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» Reconnecting with HRC+

Since SmartFoxServer 2X version 2.5 (and higher) we have introduced an improved version of the High Resilient Connection system, HRC+, which enables players to re-join the server after a sudden disconnection without loosing their current state.

In this article we're going to discuss the ways in which HRC+ can save a lot of development work, how it is done technically, and learn how to configure and test it.

NOTE: HRC is not available for HTML5/WebGL clients.

» Why was I disconnected?

Unexpected disconnections are a very rare occurrence when developing and testing in a local network but, as we finally go online, several nasty things can happen that may affect the game connection.

The main reason why a connection is dropped without notice is traffic congestion. The player connection usually travels through dozens of network nodes to get to his destination, and each of these links can be a potential point of failure. In fact, if any of these routers and gateways get overwhelmed with traffic they can either respond too slowly, be forced to drop packets or get reset, thus causing a stall and ultimately a disconnection.

If we add to the mix WIFI and mobile connections the scenario becomes even more delicate, as a drop in the strength of the signal can cause an abrupt disconnect from the game server.

All these situations are handled primarily at the low level, in the operating system's TCP stack which in turn dispatches events at the application level, where other programs can react. SmartFoxServer 2X is no exception in these regards, and it heavily depends on those low level notifications.

Later in this article we will see what might happen if some of those events are not fired in a timely fashion.

» HRC+ to the rescue

HRC+ is a unique feature provided by SmartFoxServer 2X, that helps building more robust multiuser games allowing players to transparently return in the game without loosing their state.

The diagram below illustrates what happens when a player is suddenly disconnected from the server:


Starting on the left side we have three users connected to SFS2X, all playing together as Player A, B, C in the same Zone. Suddenly User B looses its connection, the Player object on the server is frozen and all the messages that are being sent to him are stored in a queue.

Meanwhile the client side API are attempting to establish a new connection and the other Players can continue with their game, knowing that User B is trying to jump back in.

On the right side of the diagram Player B is finally reconnected. The new session is linked with the old Player object, the client is updated with all the queued messages, and the other players are notified that B is back. The exciting part is that during all these phases the game flow is not interrupted and all the complexity of the reconnection is hidden from the developer.

» What might go wrong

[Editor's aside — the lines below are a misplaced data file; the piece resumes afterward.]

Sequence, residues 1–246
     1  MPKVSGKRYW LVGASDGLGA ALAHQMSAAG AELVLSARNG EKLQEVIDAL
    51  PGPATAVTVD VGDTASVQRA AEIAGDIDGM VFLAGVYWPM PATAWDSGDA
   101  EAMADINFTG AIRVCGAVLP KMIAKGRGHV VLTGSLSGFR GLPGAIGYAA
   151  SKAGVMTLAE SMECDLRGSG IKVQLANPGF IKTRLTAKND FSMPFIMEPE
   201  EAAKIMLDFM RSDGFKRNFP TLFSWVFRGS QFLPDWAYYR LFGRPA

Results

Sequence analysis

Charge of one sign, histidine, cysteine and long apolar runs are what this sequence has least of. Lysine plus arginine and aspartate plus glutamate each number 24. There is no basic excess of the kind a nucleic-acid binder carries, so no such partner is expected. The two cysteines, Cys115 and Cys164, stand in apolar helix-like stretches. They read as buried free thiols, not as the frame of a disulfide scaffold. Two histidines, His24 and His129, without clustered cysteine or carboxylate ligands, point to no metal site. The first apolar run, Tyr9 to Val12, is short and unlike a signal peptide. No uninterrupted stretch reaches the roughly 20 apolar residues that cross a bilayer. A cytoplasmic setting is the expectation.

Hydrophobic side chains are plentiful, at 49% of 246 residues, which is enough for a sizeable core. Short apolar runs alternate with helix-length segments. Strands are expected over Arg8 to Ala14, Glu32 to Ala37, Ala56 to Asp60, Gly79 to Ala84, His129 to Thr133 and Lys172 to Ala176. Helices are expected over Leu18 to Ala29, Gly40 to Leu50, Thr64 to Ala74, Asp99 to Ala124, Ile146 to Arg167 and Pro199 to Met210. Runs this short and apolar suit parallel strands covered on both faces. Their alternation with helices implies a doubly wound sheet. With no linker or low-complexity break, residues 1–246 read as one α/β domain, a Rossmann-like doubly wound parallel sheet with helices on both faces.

Not all disconnections are made equal. There can be a minority of cases in which the disconnection can remain in an incomplete state for some time, thus not triggering the reconnection system.

We have dedicated an entire section of our documentation to the problem of ghost connections, which is our way of calling an "half-closed" TCP connection. Without going into too much detail, the TCP protocol employs several message exchanges in order to disconnect the client and server. In case the network becomes suddenly unavailable to one side, this exchange cannot be completed and the TCP connection can remain in a "waiting" state for a certain amount of time.

Typical causes of this occurrence are pulling the network cable from the computer or a sudden loss of signal in the WIFI interface or mobile connection. In all these cases it is possible to end up with a ghost connection, where the TCP socket is still waiting for the close operation to be completed.

Why is this so relevant for the HRC+ function? It is critical because a TCP socket in this state won't notify any disconnection event at the application level, and therefore SmartFoxServer will remain unaware of this new condition. Eventually the TCP timeout, or the SmartFox idle socket timeout, will trigger (depending on which fires earlier) and the disconnection event will be dispatched.

Do not unplug!

» Proper ways of testing disconnections

Counterintuitively unplugging the network cable or shutting down the WiFi connection will not generate a sudden disconnection that can be used for testing.

In fact you can monitor your computer's connection using the netstat utility (available on Windows, Mac and Linux) before and after unplugging the cable and you will be surprised to see that nothing has changed!

IMPORTANT: do not attempt to test the reconnection system by pulling the ethernet cable or shutting down the WIFI connection. Both operations will not terminate your current socket connections and therefore the disconnection event will never be triggered.

Instead follow the directions that we provide in the article entitled "The Connection Phase" that is linked in the section below.

» Further readings